Gannett’s (NYSE:GCI) second quarter announcements: A whimper and a bang. The whimper comes from its tepid revenue data. The bang from its coincident statement that it is joining its newspaper colleagues in the Yahoo (NASDAQ:YHOO) Newspaper Consortium.
As expected, Gannett’s second quarter 2010 was markedly better than a year ago, a time we should recall when the year 1929 was on everyone’s lips.
No surprise: a doubling of profits. Those profits moved up to $195.5 million from $70.5 million a year ago. That’s still a slim quarterly profit margin for a $5.5 billion revenue company. (See earnings call transcript.) In the heyday, Gannett’s margins topped 30% in newspapers — the envy of other chains, and the bane of publishers running its peers. Now it’s down in single digits for net publishing profit. In recent years, I’ve kept an ongoing comparison of Gannett — the #1 U.S. news publishers (and #2 worldwide to News Corp (NASDAQ:NWS)) — and Google (NASDAQ:GOOG). They usually announce results within days, and the gap between their profits is one of the signal pieces of data showing the how the world and business leadership has been transformed.
Gannett’s quarterly profit, 2Q: $195.5 million. Google’s quarterly profit, 2Q: $2.37 billion.
So we can parse Friday’s Gannett numbers — which have markedly disgruntled investors (“Gannett Craters Following Earnings”) — and more importantly look at what they tell us about Gannett strategies.
To the numbers:
- Yes, revenue is still down, or as I wrote yesterday, there’s not yet enough bounce in the dead cat. (“The Newsonomics of the Dead Cat Bounce“). Overall revenues down 1.6 percent. Publishing revenues down just shy of 6 percent.
- Broadcasting as expected is a bright spot, up 20% — highlighting the disparity between the post-recession bounces of broadcasting and publishing.
- Digital up 8%, more we’d believe from Gannett’s motley portfolio of digital companies (Pointroll, CareerBuilder, ShopLocal, Planet Discover, Schedule Star and Ripple6) than from its local digital sales successes.
- Circulation revenue down 5.5%. That’s an important number for Gannett and the industry. If the strategy is to shed less vital circulation, but price up, getting habitual readers to pay for more of the freight, it looks like that strategy may have hit a wall. You can’t both shed readers in mid-single digits and shed about the same in circ revenue. (Few companies look like they’re making the new discipline work. For instance, the New York Times Company — given its aggressive pricing of the Times itself — has been showing double-digit circ revenue increases.) Why’s this important? If publishing ad revenues continue to be significantly challenged, then circ revenues (far greater than digital publishing revenues) have been seen as a go-to to make up some of the difference.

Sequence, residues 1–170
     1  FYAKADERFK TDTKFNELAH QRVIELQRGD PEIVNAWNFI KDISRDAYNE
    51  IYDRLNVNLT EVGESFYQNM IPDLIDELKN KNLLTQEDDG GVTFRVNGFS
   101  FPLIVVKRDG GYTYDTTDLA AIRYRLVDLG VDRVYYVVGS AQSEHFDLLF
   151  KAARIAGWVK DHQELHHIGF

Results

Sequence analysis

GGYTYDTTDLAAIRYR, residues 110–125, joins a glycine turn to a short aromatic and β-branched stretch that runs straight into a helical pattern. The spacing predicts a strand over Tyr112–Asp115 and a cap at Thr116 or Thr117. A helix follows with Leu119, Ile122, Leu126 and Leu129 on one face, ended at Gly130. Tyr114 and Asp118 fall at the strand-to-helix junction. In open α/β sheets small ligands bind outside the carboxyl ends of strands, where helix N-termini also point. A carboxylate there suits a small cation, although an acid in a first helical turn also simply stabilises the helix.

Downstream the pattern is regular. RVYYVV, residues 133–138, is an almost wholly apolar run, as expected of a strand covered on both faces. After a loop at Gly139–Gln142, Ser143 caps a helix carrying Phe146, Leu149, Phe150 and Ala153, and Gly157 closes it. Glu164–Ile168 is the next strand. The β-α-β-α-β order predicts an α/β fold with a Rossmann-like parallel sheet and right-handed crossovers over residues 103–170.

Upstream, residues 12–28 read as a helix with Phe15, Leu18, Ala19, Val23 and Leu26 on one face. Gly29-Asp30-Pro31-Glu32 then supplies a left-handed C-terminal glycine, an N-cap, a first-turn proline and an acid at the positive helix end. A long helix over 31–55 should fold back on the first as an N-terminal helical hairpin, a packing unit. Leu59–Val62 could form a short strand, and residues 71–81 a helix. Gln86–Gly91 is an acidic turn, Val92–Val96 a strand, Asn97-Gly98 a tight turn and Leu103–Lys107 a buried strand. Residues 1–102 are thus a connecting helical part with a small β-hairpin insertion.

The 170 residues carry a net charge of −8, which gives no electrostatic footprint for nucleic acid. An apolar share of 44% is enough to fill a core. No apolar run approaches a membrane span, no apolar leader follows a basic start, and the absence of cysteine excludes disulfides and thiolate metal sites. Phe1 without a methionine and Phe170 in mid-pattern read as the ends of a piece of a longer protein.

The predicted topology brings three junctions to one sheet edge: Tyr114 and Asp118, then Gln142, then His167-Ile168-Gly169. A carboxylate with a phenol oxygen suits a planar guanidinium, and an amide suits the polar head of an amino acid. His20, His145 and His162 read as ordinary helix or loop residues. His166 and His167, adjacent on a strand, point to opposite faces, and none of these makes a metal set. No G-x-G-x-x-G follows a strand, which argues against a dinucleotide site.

Now to strategy:
- So Gannett’s decided that it’s go-it-alone, devise-its own-local-marketing strategies approach didn’t work. It partnered with AOL, while others were crafting the Yahoo agreement. Today’s announcement that all its local news markets are joining the consortium is a refutation of previous strategies. While some other companies — MediaNews, Scripps and Hearst — have been earning good millions of dollars in adopting Yahoo ad targeting technology and selling local Yahoo inventory, Gannett’s been late. One question now: How will the consortium fit with Gannett’s GannettLocal marketing services push? Such pushes, like Tribune’s 435 Digital Services, offer a revenue engine for the future. Connecting up smartly GannettLocal and Yahoo’s services is key. Gannett will also have to figure out where the Yahoo deal fits with QuadrantOne, but Hearst has already done that.
- What’s the Yahoo move tell us about Gannett’s new digital direction, in the wake of Chris Saradakis’ departure, as Josh Resnik moves up? Gannett, along with others has been cozying up to Rupert Murdoch’s Alesia paid content initiative. After breaking free of the old TKG (Tribune, Knight Ridder, Gannett) troika, is it now deciding that joining in industry-wider consortia is a smarter way to go?
- Is Gannett’s diversification sufficient? Wall Street is saying no, once again. Yes, broadcast and digital can be — and are — revenue drivers. Combined, though, they are just a quarter of the company. Three-quarters of it is still based in newsprint — way too much in a time when the newspaper recovery lags just about everyone else’s.
- With the second half of the year ahead — and tougher comparables for Gannett and all the newspaper companies — can it find a way to eke out some revenue growth from publishing?